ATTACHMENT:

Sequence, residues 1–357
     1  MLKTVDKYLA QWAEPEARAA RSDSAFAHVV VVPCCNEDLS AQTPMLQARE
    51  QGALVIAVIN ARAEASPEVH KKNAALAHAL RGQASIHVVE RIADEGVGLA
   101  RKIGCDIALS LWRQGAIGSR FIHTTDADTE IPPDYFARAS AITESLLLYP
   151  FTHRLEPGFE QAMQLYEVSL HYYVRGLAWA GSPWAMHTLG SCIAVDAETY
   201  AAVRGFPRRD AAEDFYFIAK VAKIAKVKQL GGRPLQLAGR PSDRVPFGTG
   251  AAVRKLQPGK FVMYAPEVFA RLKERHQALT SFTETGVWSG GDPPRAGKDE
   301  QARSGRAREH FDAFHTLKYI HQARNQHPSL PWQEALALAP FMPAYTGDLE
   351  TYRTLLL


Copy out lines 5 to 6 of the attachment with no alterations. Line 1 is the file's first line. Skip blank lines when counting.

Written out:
   151  FTHRLEPGFE QAMQLYEVSL HYYVRGLAWA GSPWAMHTLG SCIAVDAETY
   201  AAVRGFPRRD AAEDFYFIAK VAKIAKVKQL GGRPLQLAGR PSDRVPFGTG